Somebody tried the experiment to intentionally say things that could be used as “triggers”. The following day he got advertisements on precisely what he had been talking about.
Gullible fools even know that Smartphones are equipped with AI assistants that listen to voice commands, but aren’t able to put 2 and 2 together.
Experts warn that through apps: Facebook, Instagram and Twitter can listen to what you say and that there are no legal restrictions. Facebook and WhatsApp deny to use Smartphone microphones to gather information for targeted advertising, but these are known to lie...
Experts agree that voice recognition technology exists.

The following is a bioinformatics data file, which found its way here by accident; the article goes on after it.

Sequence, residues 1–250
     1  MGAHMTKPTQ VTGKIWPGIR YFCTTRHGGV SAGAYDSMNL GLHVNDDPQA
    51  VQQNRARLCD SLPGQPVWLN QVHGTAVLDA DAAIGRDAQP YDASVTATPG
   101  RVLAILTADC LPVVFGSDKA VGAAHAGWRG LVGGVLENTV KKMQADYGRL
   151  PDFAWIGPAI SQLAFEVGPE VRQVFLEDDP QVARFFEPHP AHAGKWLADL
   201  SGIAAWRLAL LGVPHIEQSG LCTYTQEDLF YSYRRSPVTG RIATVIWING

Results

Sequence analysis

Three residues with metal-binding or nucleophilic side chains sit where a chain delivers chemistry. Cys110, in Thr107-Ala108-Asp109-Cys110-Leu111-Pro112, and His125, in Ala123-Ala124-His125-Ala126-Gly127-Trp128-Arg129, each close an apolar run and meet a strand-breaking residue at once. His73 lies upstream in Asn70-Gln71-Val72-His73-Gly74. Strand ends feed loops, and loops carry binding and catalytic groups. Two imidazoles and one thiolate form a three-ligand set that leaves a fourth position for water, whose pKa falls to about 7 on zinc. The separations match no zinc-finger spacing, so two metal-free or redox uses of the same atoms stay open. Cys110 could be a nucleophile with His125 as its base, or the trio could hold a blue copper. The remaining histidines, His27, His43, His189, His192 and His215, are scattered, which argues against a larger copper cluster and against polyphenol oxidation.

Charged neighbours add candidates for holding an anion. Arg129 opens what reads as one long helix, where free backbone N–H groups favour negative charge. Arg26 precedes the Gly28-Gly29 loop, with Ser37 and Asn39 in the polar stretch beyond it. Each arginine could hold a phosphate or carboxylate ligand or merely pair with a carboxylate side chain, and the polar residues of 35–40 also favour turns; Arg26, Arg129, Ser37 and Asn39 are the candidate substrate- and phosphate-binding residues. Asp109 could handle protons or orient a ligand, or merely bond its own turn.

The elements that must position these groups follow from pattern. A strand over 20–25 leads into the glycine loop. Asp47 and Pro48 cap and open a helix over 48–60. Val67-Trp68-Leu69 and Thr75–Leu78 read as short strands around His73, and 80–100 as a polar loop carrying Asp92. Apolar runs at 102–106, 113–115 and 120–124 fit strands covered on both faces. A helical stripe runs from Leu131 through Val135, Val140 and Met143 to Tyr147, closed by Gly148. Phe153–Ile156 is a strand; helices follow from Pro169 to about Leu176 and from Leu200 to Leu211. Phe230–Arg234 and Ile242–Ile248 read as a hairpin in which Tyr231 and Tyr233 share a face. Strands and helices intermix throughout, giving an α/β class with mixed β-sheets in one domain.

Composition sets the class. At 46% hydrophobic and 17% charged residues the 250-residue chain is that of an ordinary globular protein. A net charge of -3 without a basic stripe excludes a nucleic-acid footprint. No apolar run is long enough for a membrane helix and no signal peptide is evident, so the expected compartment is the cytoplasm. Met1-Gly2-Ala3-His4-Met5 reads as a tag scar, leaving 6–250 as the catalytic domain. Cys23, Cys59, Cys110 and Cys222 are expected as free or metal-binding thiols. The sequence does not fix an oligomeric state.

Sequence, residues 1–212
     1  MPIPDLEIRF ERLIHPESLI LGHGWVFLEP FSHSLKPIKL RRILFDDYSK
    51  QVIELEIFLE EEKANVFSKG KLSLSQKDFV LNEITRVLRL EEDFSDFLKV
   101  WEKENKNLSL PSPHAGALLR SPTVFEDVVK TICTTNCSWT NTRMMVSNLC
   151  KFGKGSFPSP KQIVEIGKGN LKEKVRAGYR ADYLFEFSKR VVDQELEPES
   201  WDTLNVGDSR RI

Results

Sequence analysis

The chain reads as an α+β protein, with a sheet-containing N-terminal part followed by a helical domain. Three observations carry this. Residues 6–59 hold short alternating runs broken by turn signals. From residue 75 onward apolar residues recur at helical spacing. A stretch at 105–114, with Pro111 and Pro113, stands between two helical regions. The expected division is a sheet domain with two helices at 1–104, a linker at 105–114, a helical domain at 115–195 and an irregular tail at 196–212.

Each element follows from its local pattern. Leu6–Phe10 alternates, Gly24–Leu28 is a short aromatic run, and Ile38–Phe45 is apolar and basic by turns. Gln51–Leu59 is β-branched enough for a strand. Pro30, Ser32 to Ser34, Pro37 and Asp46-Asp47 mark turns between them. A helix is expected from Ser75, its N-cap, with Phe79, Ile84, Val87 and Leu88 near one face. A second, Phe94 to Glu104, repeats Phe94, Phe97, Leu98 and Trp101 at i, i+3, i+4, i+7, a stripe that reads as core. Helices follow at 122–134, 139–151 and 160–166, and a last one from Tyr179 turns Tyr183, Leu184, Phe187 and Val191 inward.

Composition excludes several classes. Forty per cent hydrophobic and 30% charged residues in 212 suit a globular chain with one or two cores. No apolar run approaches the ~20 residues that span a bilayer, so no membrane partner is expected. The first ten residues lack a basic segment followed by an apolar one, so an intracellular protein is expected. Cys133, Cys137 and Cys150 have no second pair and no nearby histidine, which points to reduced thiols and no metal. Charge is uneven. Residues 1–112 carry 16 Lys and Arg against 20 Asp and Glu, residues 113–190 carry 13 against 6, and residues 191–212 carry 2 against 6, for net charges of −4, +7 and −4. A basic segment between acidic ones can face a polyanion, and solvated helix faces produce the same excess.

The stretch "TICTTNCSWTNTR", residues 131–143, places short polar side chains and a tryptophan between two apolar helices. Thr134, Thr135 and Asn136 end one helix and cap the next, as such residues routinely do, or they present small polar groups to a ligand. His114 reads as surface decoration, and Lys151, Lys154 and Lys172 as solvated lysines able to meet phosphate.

Expert Peter Henway explained:
From time to time, snippets of audio do go back to [apps like Facebook's] servers but there's no official understanding what the triggers for that are.
Really, there's no reason they wouldn't be. It makes good sense from a marketing standpoint and their end-user agreements and the law both allow it, so I would assume they're doing it, but there's no way to be sure.
Henway also said that government agencies can potentially access this information, whether it’s legal in your home country or not, but there’s really no need to worry about Big Brother:
https://www.vice.com/en_au/article/wjbz ... t-paranoiaIt’s just an extension from what advertising used to be on television. Only instead of prime time audiences, they’re now tracking web-browsing habits. It’s not ideal, but I don’t think it poses an immediate threat to most people.
(archived here: http://archive.is/UTNbO)